Q: 1) Viewing BP as the Hibernation Cycle Gone Awry? 2) Mood Charting
with "MAPS" 3) Thoughts about Suicide in Bipolar Disorder?
Dear Doctor Phelps,
I have three questions, but first, thank you. After years of being told I was
bipolar, I accept the diagnosis at the tender age of 51, thanks to your book.
Because my first hypomanic episode was prednisone induced and because I have
remained functional, I had my doubts. Because I did not present with the
typical highs and lows as described in textbooks and the DSM, I just couldn't
see it. Because I've been a behavioral health and forensics nurse for 23
years, I dug my heels in deeper. Now I realize that it's no different from a
cardiologist developing heart disease. Now I accept this challenge in life.
And mostly I like the way my brain works. There are some gifts hidden in this
"disorder". Incidentally, I view bipolar as the hibernation cycle gone awry.
What's your take on that?
The Mood Chart is fantastic. At the hospital where I work, we use a system
called MAPS to chart consumers' progress. This was developed by our staff and
is an anacronym is for Mood, Anxiety/Agitation, Pain (physical and psychic), and
Safety. I just wanted to share with you this system because the
self-harm/suicide factor was included. I've noticed that a number of people in
a mixed state get intrusive thoughts or images of self-harm or death. Or there
is that chronic suicidality that waxes and wanes. The brain gets hijacked,
sometimes at a very early age, causing it to "default" to suicidal thinking.
It becomes a way of life, and sufferers don't realize that the hijacking has
taken place until years later. It seems to allow for compartmentalization and
the ability to continue to function that appears in mixed bipolar, like, "Should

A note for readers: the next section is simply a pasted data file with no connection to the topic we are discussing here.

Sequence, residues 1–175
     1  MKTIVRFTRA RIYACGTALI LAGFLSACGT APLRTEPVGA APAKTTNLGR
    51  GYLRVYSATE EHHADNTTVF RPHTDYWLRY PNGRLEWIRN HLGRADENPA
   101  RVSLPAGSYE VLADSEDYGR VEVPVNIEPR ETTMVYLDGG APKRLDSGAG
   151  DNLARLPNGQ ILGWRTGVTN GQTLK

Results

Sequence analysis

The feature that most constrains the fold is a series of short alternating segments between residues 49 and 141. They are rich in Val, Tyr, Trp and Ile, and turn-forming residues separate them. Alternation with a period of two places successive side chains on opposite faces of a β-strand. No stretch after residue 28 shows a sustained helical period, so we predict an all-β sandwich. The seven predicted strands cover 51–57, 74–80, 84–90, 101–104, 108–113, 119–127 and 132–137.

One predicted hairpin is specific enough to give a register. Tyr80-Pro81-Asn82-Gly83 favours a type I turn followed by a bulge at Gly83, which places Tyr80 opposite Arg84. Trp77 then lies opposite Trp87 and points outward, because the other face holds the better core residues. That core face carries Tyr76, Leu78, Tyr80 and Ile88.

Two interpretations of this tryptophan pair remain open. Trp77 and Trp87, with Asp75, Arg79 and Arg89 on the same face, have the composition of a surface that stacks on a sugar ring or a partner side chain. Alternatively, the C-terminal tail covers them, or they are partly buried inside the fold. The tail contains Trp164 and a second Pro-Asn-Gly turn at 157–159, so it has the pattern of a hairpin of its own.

I go to work today or commit suicide?" When paired with agitation-fueled
impulsivity, this can have disasterous results, as we all know too well.
These have been my observations. Am I on target?
I know that this assessment tool was designed for an inpatient acute care
setting, but it seems applicable in an outpatient setting as well because of the
very nature of the bipolar spectrum. What I have come to do and to also teach
consumers is that these thoughts may come up, but just let them roll off onto
the side of the oad--like, "Oh, that's a symptom of the bipolar. I don't need
to act on these feelings, these pictures. They will pass. I'll call my doctor
for a possible med adjustment. I'll use diversion. I'll do relaxation
exercises," etc. It's not intended to constantly bring up suicide, but rather
to acknowledge it and put it in its place. What do you think about tracking
this particular symptom?
Dear J. --
Taking your points in turn:
1. Bipolar disorder as a hibernation cycle gone awry -- you are quite right
there. Much of the recent research on the nature of bipolar disorder has focused
on the biological clock. Lithium, for example, has been shown to act directly on
the biological clock (amongst its several actions; here is a little
essay about that
clock on my website). Seasonal affective disorder, which is much more common
in people with bipolar II, and is almost a version of bipolar disorder at itself
in some ways, is very clearly similar to a hibernation mechanism (e.g. a
preference for high carbohydrate meals that can raise blood glucose when little
has been eaten for a long time (in a cruel twist of fate, something about mood
disorders seems to send a signal akin to starvation, in terms of how the body's